Paul Smedberg, a Metro board member who represents Virginia, is viewed as the likely pick to replace Jack Evans as chairman of the panel. (Astrid Riecken for The Washington Post)

The nominating committee hasn’t even met, but Paul Smedberg has already emerged as the front-runner to succeed Jack Evans as chair of the Metro board, officials said Friday.

Smedberg, a former Alexandria City Council member with transportation experience, is seen as a broadly acceptable candidate who won’t seek the limelight and can help unify the jurisdictions served by Metro after Evans’s occasionally stormy tenure over the past 3½ years.

“Smedberg is a good choice,” said a Metro board member who spoke on the condition of anonymity because the matter is politically sensitive. “After three years of Jack, I think it’s a good time for the board to step back and let [General Manager Paul J.] Wiedefeld be the face of Metro.”

In another sign of significant changes to come on the Metro board, Maryland Transportation Secretary Pete K. Rahn said he will join the panel as a principal or voting member on July 1.

It’s unusual for such a high-ranking official from Maryland or Virginia to serve on the board, and the decision apparently signals a desire in Annapolis to exert more influence over the transit agency. A recently passed Maryland law requires that the transportation secretary either serve on the board or appoint a subordinate to do so.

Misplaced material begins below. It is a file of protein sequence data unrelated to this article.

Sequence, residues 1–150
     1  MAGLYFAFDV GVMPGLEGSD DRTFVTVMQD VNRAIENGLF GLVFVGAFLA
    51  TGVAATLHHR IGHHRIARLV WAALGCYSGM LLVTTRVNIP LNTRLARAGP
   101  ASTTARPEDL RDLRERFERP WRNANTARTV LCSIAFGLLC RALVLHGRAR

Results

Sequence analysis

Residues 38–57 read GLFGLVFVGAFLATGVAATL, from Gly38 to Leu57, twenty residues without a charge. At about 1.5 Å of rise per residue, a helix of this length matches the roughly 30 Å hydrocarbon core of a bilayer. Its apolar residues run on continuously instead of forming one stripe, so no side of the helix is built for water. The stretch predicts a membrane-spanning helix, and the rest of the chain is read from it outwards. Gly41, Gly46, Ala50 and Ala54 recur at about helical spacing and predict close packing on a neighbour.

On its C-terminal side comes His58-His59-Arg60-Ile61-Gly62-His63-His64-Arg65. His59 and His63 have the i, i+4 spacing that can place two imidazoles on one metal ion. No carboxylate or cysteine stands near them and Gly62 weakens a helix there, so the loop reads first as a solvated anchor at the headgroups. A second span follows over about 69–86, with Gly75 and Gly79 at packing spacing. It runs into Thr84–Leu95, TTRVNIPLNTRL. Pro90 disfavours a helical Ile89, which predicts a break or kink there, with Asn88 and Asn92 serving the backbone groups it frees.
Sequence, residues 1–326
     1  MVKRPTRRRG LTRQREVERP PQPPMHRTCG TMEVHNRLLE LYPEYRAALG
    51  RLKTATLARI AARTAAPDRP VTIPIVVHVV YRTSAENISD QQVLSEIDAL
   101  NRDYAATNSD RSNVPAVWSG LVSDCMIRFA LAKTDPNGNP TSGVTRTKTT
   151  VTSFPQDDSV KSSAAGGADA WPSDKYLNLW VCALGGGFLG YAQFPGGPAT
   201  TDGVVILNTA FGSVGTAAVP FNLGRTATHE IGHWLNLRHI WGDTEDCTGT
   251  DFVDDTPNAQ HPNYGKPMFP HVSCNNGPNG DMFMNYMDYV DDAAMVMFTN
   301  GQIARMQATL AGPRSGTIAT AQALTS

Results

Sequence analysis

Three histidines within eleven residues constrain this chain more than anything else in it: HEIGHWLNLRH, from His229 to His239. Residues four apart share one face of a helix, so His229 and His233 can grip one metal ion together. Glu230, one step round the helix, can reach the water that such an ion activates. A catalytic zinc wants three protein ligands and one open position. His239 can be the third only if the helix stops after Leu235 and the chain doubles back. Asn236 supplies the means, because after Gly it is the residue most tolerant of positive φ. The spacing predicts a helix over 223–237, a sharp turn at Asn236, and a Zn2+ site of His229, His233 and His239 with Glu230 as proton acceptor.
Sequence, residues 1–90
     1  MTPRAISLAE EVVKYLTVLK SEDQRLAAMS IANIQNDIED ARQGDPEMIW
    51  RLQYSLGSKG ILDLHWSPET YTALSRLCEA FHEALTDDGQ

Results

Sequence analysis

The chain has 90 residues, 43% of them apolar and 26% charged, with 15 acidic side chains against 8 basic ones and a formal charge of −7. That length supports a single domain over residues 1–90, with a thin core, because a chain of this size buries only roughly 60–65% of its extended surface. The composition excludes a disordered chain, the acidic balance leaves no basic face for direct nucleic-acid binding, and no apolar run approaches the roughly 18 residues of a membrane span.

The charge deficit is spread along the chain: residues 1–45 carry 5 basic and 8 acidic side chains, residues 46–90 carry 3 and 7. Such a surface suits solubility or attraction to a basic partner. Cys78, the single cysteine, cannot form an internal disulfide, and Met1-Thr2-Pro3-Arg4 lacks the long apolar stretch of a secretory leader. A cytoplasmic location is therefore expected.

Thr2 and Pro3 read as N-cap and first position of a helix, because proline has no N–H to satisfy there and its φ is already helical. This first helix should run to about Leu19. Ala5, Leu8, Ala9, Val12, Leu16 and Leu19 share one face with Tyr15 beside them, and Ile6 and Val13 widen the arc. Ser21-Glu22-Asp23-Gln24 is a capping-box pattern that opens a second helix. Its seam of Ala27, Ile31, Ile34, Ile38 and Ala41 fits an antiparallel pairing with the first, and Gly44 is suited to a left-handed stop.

Evans announced Thursday that he would not seek reelection as chair after his term expires June 30, though he will remain on the board. He did so as the board’s ethics committee closed a probe into whether Evans improperly used his position as chair to seek business for his private legal and consulting work.

The committee said it would not make the results of the investigation public, a decision that drew criticism Friday from two Metro board members who are not on the ethics panel.

“I find the action or inaction taken by the ethics committee unsatisfactory and a breach of our obligation to be transparent for a public body,” said Michael Goldman, who represents Maryland.

The committee should “state the charges brought against Chairman Evans; the conclusions and recommendation of the investigation of the high-priced attorney hired to do the investigation; and an explanation of the decision to close the investigation,” Goldman said.